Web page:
While attending an antique fair in England about twelve years ago, I spotted this beautiful handbag. Can you believe it? Just look at how beautiful it is? This purse is French, dates from the late 1800's and is in fabulous condition. I loved everything about it - the dark brown leather, the rich brown reed, the palm-leaf work and the patina. What do you think happened after I found this purse? My endless search for European baskets had begun. There is something about their beautiful shapes, patina, the variety of plants used to make them, the many weaving patterns, and the fine details that truly make them a work of art. There are so many uses for baskets. As a matter of fact, I have a basket in every room in our house. Smaller ones are displayed on shelves, some sit on the floor with magazines, I use them in the bathroom to hold wash cloths, large baskets hold files, smaller baskets like these purses store photos or receipts..... they make wonderful containers for just about anything. Today, I am going to show you some of my collection of woven handbags.
This is a late 19th century French basket woven of flat skeins and has a beautiful brown leather handle and straps. The oval brass plates on the clasp are signed "Cordier". This basket would have been used as either a purse or a small picnic basket. This is definitely one of my favorites.
This long cylinder shaped basket was used to store a bottle of wine. It is similar to the first basket with its palm-leaf work, brown reed on the outside edges and leather handles. French, ca. 1920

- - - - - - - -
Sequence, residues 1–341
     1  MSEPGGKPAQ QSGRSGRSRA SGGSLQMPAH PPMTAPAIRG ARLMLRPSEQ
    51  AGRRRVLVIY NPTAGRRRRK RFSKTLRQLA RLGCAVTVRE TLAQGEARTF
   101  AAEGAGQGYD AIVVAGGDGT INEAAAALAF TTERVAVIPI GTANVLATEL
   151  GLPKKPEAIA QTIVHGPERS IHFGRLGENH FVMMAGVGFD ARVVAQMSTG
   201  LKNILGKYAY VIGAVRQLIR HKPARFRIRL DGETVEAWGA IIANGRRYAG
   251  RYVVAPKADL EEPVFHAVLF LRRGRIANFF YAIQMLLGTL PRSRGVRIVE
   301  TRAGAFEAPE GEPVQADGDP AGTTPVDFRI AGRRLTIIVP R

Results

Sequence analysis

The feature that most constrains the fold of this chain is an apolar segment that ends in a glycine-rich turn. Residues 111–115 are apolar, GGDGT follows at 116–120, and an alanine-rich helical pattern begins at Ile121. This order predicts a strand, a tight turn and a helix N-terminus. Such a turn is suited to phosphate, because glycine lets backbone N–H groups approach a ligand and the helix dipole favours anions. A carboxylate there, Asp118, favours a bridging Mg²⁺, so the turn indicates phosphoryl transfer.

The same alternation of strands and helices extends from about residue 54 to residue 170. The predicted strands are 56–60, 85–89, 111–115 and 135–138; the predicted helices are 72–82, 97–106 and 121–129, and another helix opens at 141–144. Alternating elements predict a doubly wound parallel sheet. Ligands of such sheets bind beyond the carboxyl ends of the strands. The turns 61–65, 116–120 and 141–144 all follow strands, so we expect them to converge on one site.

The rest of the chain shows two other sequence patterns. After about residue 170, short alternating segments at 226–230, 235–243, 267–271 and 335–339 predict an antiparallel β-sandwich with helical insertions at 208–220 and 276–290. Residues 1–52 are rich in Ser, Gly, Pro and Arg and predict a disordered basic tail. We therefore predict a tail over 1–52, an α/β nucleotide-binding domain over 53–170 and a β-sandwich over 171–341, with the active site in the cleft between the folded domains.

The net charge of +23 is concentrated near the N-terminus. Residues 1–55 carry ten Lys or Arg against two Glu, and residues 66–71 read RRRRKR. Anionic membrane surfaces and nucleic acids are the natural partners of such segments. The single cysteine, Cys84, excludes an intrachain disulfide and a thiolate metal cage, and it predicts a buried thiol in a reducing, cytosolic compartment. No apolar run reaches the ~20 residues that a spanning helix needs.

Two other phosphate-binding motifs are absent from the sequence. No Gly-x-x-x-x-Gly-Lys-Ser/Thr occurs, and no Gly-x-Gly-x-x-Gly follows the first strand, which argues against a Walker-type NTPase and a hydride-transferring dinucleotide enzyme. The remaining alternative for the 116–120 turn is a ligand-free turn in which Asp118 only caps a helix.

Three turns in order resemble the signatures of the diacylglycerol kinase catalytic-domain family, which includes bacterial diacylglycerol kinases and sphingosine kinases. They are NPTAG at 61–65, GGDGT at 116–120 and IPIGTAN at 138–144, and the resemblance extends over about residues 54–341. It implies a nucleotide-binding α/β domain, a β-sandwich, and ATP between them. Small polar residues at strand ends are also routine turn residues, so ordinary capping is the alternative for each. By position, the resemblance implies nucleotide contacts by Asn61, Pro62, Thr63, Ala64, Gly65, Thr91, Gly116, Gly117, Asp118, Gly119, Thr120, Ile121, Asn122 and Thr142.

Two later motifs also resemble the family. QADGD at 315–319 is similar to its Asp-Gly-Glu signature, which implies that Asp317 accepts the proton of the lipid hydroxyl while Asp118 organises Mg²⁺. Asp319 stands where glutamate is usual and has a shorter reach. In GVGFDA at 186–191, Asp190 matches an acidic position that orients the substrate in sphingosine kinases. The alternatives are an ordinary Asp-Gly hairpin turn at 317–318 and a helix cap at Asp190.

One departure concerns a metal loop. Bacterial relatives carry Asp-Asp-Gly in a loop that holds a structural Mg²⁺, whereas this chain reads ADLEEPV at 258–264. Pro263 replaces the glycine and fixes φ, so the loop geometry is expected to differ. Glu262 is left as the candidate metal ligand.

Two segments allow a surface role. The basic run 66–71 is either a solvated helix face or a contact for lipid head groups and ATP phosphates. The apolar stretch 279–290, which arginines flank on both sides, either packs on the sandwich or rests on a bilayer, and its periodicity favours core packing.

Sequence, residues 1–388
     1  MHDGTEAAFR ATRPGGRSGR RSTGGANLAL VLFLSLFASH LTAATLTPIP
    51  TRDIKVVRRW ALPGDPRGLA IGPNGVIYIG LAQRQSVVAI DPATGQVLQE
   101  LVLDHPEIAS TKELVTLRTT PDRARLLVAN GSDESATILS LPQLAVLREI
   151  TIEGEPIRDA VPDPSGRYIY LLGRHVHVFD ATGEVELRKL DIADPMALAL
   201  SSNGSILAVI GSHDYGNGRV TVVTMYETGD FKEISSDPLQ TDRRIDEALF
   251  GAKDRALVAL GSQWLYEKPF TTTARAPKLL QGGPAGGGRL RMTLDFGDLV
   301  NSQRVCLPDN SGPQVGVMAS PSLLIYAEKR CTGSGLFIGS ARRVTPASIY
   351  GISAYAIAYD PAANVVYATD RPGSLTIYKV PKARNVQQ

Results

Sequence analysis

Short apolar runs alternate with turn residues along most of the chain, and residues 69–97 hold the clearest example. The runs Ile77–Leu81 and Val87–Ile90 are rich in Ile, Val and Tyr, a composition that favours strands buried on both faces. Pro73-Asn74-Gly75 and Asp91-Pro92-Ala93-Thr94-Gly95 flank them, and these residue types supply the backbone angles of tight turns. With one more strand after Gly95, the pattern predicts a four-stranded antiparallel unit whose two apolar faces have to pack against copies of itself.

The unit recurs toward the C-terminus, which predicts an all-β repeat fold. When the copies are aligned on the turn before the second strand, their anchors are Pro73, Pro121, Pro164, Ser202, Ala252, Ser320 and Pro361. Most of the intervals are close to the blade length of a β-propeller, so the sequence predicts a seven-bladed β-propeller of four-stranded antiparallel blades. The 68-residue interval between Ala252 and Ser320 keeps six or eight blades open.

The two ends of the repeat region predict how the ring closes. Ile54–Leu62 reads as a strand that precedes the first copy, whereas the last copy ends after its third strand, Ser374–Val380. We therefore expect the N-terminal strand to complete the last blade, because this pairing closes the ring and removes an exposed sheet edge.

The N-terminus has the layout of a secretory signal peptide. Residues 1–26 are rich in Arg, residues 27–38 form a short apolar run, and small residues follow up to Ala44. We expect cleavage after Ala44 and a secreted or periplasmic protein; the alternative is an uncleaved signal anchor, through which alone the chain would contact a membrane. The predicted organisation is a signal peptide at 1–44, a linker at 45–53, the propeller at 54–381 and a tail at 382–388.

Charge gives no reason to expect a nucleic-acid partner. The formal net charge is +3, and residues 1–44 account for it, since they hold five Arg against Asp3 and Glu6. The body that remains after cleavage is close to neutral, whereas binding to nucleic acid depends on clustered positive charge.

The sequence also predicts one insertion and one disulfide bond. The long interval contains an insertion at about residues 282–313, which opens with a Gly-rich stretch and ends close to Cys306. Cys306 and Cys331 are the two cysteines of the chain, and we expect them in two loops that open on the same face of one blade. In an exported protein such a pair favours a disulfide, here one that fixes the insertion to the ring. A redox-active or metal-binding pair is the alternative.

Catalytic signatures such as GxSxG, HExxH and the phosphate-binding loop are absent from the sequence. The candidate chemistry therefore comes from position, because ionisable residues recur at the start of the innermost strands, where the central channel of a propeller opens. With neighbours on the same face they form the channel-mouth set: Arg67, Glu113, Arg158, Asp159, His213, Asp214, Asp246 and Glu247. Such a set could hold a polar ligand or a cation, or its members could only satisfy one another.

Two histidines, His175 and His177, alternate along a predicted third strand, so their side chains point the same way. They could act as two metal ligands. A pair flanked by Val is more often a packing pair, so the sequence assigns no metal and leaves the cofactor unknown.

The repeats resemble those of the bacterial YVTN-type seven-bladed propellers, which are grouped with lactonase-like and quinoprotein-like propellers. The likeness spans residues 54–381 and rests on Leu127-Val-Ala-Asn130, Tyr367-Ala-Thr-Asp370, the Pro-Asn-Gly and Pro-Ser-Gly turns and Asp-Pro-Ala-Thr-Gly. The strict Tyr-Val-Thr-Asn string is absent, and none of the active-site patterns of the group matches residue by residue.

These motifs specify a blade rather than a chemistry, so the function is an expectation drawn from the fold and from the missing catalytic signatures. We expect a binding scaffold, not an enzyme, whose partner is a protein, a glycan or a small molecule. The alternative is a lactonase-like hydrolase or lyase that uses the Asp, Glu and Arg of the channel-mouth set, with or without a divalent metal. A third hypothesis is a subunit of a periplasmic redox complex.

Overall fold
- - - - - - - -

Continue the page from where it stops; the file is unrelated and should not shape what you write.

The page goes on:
I liked the variation of woven plant materials with a twisted rope and straw plait along with the dark brown lacquered reed. This basket is English, ca.1900. This photo below shows a close up detail of the scroll work on the brass plate on the clasp.
Here is another variation of woven handbags. This basket is English ca. 1930 with straw plaiting, a black woven braid and a very finely woven black plaiting combined with brown lacquered reed. A very interesting striking combination of colors and materials.
Again, this is another variation of palm leaf work with the contrasting leather trim and decorative brass plates as seen in the photo below.
This is a simple woven basket in an oval form with a dark brown leather handle. English, ca. 1910
Is it obvious that I really like the palm leaf work? Below is a close up photo of the clasp with the initials CL on the metal plate. This could be a basket to store doll related items as it is rather small.
French, ca 1920.
A simple variation - most likely English ca. 1950.
This is a small basket with a very interesting open weave pattern. French ca. 1920. While I seldom find European basket style handbags in the U.S., I do come across other forms of Euopean baskets. I always have room for another basket.
Below are some photos of basket handbags from the book International Basketry by Christopher Will.